Let’s say your credit union holds your car loan. When you signed the paperwork it was probably clear that if you did not maintain your payments the credit union could repossess the car, just like any secured debt. What was probably not clear is that the car will also become collateral for any other loans you take out through the credit union, including loans and credit cards.
Credit unions are typically happy to enter into reaffirmation agreements with their members, but this cross collateralization complicates things. It essentially takes something that is traditionally unsecured debt (like a credit card) and makes it secured (because it is now tied to your car.)
This presents issues in bankruptcy because if you want to discharge the credit card in bankruptcy you would have to return the car because it is collateral on the credit card debt. Similarly, if you want to keep the car, you would need to reaffirm (agree to continue paying on) the credit card so that it is not discharged by the bankruptcy.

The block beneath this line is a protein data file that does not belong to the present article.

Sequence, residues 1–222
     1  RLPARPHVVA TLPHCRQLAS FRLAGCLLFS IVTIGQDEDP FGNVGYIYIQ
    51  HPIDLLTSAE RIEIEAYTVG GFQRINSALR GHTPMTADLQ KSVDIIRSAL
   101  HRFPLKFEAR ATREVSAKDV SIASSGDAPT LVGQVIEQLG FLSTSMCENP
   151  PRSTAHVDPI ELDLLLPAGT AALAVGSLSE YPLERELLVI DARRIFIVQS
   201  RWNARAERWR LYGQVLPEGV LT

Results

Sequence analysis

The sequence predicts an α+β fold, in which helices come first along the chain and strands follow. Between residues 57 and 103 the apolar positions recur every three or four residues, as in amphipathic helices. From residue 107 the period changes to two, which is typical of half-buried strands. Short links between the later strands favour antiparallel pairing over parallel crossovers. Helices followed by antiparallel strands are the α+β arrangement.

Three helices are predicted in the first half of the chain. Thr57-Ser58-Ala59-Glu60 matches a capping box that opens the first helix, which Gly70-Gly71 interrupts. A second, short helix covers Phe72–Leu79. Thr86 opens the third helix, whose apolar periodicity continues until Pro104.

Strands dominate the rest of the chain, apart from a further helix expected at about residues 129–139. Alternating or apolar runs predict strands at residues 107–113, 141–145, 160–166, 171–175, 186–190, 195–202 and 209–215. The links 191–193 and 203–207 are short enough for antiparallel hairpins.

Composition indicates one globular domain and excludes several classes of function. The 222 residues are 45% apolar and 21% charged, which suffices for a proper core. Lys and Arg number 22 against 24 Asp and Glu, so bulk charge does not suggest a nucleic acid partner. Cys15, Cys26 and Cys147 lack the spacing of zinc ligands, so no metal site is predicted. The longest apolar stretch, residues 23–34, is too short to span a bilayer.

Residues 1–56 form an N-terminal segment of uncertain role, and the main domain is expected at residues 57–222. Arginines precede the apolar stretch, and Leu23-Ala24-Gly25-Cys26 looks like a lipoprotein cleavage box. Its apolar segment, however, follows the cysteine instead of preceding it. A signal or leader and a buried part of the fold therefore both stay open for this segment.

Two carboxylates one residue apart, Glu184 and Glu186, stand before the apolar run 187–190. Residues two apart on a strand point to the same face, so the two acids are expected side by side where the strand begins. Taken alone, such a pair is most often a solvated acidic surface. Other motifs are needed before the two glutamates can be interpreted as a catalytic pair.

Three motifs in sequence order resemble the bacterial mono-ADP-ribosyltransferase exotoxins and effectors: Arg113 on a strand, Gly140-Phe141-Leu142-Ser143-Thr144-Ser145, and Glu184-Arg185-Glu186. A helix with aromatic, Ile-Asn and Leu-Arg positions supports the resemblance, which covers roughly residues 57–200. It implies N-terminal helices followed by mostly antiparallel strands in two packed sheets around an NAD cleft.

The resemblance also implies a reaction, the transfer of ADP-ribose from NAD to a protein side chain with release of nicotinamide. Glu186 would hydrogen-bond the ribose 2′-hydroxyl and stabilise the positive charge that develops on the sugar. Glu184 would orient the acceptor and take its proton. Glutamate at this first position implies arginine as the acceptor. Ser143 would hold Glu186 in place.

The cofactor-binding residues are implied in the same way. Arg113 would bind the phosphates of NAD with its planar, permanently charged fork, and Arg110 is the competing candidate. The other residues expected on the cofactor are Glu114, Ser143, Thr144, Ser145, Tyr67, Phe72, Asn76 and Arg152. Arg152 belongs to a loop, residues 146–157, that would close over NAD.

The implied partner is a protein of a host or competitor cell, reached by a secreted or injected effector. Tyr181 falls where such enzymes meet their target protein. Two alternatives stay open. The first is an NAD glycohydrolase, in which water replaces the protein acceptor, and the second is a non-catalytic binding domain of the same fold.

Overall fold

Set-offs are another issue of concern for members of a credit union. Often members of credit unions have checking or savings accounts in addition to any loans. Set-offs can occur if a credit union has the right to set off (or withdraw money from) your account to recover any losses caused by your actions, such as not paying back a loan or obtaining a discharge in bankruptcy. In other words, they can take money directly from your account to cover the loss of not receiving your debt payment.
This can be particularly problematic if you have a direct deposit set up with your credit union, as there are recurring opportunities for them to clear out your account. When you file a bankruptcy the credit union will likely freeze your account. Once your account is frozen your access to it is cut off so you cannot access the funds to pay any other obligations.
Loss of Membership
Finally, your membership can be revoked if you file for bankruptcy or otherwise default on an obligation to the credit union. The credit union can choose to take away your membership, which would include access to any checking or savings accounts you hold there unless you agree to pay back the debt.
If you plan on getting an account with a different credit union before filing bankruptcy, make sure to find out whether the act of filing bankruptcy may affect your membership even if you don't have any debts with the credit union.